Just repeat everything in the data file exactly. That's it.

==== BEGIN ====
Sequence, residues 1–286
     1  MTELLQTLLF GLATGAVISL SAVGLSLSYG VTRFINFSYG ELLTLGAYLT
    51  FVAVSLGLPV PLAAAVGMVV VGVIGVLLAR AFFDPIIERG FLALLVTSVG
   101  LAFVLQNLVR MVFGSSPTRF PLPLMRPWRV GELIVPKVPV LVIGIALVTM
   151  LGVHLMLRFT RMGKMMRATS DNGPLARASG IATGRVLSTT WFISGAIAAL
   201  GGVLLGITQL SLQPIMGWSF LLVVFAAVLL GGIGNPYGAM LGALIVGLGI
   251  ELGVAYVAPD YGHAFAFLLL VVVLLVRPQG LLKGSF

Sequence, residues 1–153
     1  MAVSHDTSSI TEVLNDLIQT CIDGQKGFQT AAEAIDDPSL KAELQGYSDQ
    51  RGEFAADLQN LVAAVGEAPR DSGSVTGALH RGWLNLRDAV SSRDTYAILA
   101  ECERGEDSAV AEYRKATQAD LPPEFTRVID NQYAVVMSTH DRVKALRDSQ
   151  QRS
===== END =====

Sequence, residues 1–286
     1  MTELLQTLLF GLATGAVISL SAVGLSLSYG VTRFINFSYG ELLTLGAYLT
    51  FVAVSLGLPV PLAAAVGMVV VGVIGVLLAR AFFDPIIERG FLALLVTSVG
   101  LAFVLQNLVR MVFGSSPTRF PLPLMRPWRV GELIVPKVPV LVIGIALVTM
   151  LGVHLMLRFT RMGKMMRATS DNGPLARASG IATGRVLSTT WFISGAIAAL
   201  GGVLLGITQL SLQPIMGWSF LLVVFAAVLL GGIGNPYGAM LGALIVGLGI
   251  ELGVAYVAPD YGHAFAFLLL VVVLLVRPQG LLKGSF

Sequence, residues 1–153
     1  MAVSHDTSSI TEVLNDLIQT CIDGQKGFQT AAEAIDDPSL KAELQGYSDQ
    51  RGEFAADLQN LVAAVGEAPR DSGSVTGALH RGWLNLRDAV SSRDTYAILA
   101  ECERGEDSAV AEYRKATQAD LPPEFTRVID NQYAVVMSTH DRVKALRDSQ
   151  QRS